Christian Ponder brings life to the Vikings

October, 23, 2011
10/23/11
10:56
PM ET
MINNEAPOLIS -- An objective evaluation of Minnesota Vikings quarterback Christian Ponder's first NFL start would have to include these facts:

  1. He missed more passes (19) than he completed (13).
  2. He threw two interceptions into the hands of Green Bay Packers cornerback Charles Woodson, who afterwards said: "I thought I should have had four."
  3. He had help from tailback Adrian Peterson, who rumbled for a season-high 175 yards.
  4. He put too much air on a deep pass to wide-open receiver Michael Jenkins, allowing the Packers' defense to catch Jenkins and prevent a touchdown on what was a 72-yard pass.
[+] EnlargeChristian Ponder
Hannah Foslien/Getty ImagesChristian Ponder has injected needed energy into the Minnesota offense.
But the first start of a franchise quarterback is as much an emotional event as it is an opportunity for analysis based on standard NFL performances. And on that level, Ponder indisputably injected a level of competitiveness and fire that had been missing from the Vikings' 1-5 start.

True, they have a 1-6 record to show for it. But I think anyone who watched Sunday's game, a 33-27 Packers victory, recognized Ponder's impact. The Vikings gained 219 yards on his 13 completions, including two touchdowns, and he also scrambled four times for 31 yards.

"I think he's got a bright future," Packers quarterback Aaron Rodgers said. "I like the way he plays. He moves around really well."

The Vikings smartly, and entirely predictably, mixed in a heavy dose of the kind of bootleg and rollout plays that Ponder demonstrated proficiency executing during the preseason. According to ESPN Stats and Information, Ponder completed 54.5 percent of the passes he threw outside of the pocket and 33.3 from inside the pocket.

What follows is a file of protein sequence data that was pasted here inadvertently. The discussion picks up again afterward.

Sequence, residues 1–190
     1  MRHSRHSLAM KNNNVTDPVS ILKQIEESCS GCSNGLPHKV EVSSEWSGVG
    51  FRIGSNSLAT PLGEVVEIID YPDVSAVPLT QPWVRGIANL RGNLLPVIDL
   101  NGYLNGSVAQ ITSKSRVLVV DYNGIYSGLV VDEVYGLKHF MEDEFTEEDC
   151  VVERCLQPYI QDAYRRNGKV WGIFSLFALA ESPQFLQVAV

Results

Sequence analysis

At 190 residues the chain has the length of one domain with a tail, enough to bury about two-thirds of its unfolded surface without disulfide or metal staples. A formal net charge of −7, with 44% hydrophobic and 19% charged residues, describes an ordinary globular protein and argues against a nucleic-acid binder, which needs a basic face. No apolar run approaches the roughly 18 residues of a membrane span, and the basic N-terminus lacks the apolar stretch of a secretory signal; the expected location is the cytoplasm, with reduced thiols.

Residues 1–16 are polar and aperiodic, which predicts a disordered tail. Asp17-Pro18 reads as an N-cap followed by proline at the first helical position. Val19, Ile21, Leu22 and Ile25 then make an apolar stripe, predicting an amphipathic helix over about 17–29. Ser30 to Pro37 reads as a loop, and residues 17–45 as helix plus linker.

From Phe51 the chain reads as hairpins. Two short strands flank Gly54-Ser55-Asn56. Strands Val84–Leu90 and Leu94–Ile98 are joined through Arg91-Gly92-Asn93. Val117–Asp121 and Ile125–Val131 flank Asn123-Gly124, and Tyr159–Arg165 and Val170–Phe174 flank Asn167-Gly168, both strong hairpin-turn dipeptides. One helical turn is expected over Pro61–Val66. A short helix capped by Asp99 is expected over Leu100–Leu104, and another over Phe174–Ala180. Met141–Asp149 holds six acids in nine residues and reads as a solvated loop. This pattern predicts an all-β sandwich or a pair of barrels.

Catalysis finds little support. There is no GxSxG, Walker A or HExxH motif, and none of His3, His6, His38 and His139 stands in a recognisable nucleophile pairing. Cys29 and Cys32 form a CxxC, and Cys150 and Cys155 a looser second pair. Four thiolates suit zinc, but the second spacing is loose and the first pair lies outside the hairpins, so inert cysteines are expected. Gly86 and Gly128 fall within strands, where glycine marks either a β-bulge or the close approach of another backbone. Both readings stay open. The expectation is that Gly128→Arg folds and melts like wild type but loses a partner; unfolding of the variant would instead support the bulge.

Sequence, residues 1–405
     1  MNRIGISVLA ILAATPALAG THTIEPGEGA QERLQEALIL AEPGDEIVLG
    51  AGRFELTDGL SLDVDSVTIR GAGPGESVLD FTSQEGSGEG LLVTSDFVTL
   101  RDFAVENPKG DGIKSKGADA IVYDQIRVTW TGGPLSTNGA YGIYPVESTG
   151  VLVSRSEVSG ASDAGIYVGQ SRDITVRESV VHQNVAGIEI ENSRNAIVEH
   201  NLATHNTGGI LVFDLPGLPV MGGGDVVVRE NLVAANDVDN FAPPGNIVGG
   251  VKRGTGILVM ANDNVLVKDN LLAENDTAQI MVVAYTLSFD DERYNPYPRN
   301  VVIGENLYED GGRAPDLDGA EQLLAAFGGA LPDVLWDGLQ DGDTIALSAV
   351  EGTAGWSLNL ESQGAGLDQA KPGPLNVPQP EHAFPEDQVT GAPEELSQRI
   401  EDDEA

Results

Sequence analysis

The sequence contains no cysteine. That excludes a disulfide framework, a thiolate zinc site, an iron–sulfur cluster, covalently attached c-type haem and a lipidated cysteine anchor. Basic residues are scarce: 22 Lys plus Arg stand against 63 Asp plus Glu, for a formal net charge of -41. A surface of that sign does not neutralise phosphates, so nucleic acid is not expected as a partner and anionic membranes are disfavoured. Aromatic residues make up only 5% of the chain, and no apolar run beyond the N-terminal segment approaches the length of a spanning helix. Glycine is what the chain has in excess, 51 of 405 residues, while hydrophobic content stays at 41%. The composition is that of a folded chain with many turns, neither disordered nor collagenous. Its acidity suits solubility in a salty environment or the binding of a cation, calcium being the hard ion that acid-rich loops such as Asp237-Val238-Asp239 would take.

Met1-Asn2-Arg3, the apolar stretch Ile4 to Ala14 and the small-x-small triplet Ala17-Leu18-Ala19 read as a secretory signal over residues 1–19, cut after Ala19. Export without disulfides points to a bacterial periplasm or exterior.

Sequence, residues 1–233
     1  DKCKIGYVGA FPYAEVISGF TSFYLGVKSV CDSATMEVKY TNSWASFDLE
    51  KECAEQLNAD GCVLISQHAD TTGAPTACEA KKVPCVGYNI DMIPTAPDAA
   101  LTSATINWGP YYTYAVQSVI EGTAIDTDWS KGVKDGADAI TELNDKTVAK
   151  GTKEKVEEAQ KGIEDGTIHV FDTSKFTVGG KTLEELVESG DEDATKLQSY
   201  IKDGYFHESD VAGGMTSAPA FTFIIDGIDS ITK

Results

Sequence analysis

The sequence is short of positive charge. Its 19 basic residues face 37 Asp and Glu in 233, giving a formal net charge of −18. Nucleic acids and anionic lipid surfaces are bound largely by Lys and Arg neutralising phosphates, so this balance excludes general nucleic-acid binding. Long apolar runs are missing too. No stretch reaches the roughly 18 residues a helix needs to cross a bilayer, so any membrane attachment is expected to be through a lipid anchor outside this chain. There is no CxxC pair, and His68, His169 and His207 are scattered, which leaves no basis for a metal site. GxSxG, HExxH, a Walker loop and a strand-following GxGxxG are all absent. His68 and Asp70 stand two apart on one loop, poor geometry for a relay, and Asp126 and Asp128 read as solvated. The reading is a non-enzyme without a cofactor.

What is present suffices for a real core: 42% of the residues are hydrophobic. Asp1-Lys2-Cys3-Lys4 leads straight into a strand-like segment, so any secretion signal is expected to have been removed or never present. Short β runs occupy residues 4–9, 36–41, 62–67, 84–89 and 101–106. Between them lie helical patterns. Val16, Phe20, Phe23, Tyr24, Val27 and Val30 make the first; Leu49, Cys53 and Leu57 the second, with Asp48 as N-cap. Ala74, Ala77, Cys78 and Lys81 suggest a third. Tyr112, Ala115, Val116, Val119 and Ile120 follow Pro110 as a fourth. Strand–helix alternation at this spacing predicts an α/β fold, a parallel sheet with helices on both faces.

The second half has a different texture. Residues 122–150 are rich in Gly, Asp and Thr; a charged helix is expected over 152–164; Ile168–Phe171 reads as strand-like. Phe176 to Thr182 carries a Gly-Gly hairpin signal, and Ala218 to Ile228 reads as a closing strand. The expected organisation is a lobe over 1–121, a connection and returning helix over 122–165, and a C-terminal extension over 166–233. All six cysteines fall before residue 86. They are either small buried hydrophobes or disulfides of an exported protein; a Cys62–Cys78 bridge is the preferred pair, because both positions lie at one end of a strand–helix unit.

Getting outside the pocket proved especially productive against a Packers defense that spent almost the entire game in man-to-man coverage. With Ponder buying extra time, it stood to reason that Packers defenders would inevitably lose track of their men.

"We didn't throw a lot at him today," Woodson said. "A lot of man-to-man, and a lot of running around after their guys. Which I think for them helped out for moving Ponder out of the pocket, and us chasing guys all over the field."

I'm not sure if any offense can sustain itself on bootlegs and rollouts. But for Ponder, Sunday was more about establishing how he would carry himself as an NFL starter as much as it was about how he would play.

On that level, I thought he was impressive. Fans at the Metrodome were obviously excited about him, but there was an unmistakable bounce in the step of his teammates as well. For the first time in a while, watching the Vikings offense was something short of painful. At times, it was even fun.

Ponder took some chances, especially in the fourth quarter on a 24-yard touchdown to Michael Jenkins and a 19-yard pass to Greg Camarillo on third-and-10. He even showed us a flair for the dramatic, using a guns-and-holsters move to celebrate touchdowns.

"I'm just trying things out," Ponder said, chuckling. "We'll see what sticks."

The Vikings didn't win Sunday and Ponder didn't play well enough. But fans cheered and people chuckled at the Metrodome for the first time in 2011. That's a start.

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